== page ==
FRDI Bill’s bail-in clause: Two options for the government
The debate around the Financial Resolution and Deposit Insurance (FRDI) Bill is good news. The citizens of a country must engage with a potential law that affects their money. I wrote on the issue last week, where I argued that the FRDI Bill proposes an early warning system for crisis in financial firms. You can read it here. Based on their financials, banks and other financial firms will be classified according to their risk. When the risk becomes more than moderate, a set of data reporting protocols kick into place, giving the system ample time to prevent the bank (and other financial firms) from failing. If it indeed does fail, there is a process-driven system for mergers and take-overs. It is only when all of this fails that a bank goes into liquidation. It is like getting a warning 10 miles before the train hurtles towards a cliff.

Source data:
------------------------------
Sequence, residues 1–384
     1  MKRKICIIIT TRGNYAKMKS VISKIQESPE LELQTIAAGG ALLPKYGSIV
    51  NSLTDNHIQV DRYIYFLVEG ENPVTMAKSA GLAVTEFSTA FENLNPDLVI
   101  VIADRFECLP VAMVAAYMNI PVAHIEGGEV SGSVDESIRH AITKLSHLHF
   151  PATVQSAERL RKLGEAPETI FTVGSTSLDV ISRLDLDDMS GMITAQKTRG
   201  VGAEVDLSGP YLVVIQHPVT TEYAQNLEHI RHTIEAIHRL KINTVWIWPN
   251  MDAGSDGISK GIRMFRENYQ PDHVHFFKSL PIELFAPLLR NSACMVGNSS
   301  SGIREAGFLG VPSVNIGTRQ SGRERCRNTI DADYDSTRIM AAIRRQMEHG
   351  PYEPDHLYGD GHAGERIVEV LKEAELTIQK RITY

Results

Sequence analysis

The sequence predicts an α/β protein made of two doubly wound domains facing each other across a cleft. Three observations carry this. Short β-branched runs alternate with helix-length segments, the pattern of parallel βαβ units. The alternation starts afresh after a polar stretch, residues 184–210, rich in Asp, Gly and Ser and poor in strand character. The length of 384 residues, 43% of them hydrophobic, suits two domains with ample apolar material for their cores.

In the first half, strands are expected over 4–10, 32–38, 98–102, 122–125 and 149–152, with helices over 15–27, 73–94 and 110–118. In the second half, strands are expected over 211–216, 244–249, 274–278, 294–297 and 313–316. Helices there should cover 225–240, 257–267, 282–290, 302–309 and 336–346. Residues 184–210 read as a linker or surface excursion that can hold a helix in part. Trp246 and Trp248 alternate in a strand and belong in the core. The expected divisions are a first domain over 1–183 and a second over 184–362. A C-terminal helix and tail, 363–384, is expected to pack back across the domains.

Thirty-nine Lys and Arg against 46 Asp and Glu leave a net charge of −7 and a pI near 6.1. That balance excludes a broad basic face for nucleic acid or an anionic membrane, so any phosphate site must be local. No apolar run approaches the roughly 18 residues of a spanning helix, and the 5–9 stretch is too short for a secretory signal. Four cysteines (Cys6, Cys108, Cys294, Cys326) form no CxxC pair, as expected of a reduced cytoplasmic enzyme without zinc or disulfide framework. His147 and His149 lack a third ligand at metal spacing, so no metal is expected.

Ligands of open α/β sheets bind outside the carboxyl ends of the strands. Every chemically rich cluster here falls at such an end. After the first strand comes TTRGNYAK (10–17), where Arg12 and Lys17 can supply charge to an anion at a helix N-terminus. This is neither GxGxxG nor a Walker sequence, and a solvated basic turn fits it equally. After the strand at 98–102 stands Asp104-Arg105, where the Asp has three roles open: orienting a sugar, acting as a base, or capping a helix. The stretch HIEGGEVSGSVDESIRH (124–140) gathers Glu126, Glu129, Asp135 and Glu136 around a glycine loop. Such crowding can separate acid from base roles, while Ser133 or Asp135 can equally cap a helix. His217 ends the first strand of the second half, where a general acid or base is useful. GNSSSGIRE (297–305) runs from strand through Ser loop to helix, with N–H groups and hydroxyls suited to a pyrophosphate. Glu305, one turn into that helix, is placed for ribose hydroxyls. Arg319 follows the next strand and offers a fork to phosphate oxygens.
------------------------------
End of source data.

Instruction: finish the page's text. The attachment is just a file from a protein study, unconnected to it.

My mailbox and twitter feed are buzzing with comments and questions about the Bill and its meaning for us, the average taxpayers, depositors and citizens. While most people are happy to understand the issue much better, there are questions and fears that remain about the fate of depositors’ money in case a bank fails and goes for liquidation. The questions are around the safety of deposits if a bank fails, especially on the bail-in clause that allows for a restructuring of a bank’s debt and one of the provisions is that deposits can be used to do that. But the Bill has protections in place for depositors—of a deposit insurance and of consent. The finance minister has taken to social media saying that the government will stand behind depositors’ money.